Supply Chain Management (SCM) is increasingly becoming important in the construction industry, which is still largely a fragmented industry. Several government sponsored reports have been instrumental in promoting the concept in the UK construction industry. However, previous literature helped identify that construction organisations are in the need of a mechanism that would allow them to measure integration of supply chains. Hence this research aimed to develop a framework for construction organisations to assess and improve integration of their supply chains. In this endeavour a Delphi survey was conducted in the Northern Irish construction industry to 'build' a SCM framework, and thereafter a UK-wide questionnaire survey to test the framework. Firstly, the Delphi method was used to prioritise and validate the inclusion of 13 critical success factors (CSFs) compiled from previous literature. This generated scores for each CSF, which could potentially be included in the developed SCM framework. Secondly, the Delphi method was used to develop the SCM framework based on the 13 CSFs and 4 levels of integration. This is the most significant contribution to knowledge created via this research. Thereafter, an e-survey was undertaken to test the robustness of the SCM framework. This added rigour to this research and utilised a mixed methodologies approach. In addition to testing the propositions and receiving feedback on the SCM framework, the e-survey revealed the current and future levels of integration of construction supply chains in the UK. This is the first quantitative survey that has been conducted among individuals in the UK construction industry regarding integration of construction supply chains. In conclusion, the proposed SCM framework is applicable to all main sectors of the construction industry; namely clients, consultants, main contractors, subcontractors and suppliers. This empirically tested framework is easy to use and helpful in assessing and improving construction supply chains.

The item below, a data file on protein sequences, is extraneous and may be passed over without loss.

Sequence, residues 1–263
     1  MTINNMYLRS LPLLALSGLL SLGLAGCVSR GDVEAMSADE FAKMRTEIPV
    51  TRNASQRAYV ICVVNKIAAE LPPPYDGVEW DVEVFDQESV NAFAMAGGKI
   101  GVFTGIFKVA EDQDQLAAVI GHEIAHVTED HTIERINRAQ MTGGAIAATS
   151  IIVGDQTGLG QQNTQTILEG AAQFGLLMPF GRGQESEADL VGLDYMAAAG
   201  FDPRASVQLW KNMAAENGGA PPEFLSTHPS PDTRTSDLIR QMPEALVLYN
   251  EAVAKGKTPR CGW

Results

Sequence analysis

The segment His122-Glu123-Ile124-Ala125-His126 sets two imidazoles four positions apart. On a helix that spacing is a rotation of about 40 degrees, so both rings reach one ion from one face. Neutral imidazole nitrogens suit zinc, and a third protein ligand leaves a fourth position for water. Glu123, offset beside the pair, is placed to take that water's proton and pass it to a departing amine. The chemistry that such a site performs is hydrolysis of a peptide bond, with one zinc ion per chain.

|Date of Award||1 Jan 2013|
|Supervisor||Rodney Mc Adam (Supervisor) & George Heaney (Supervisor)|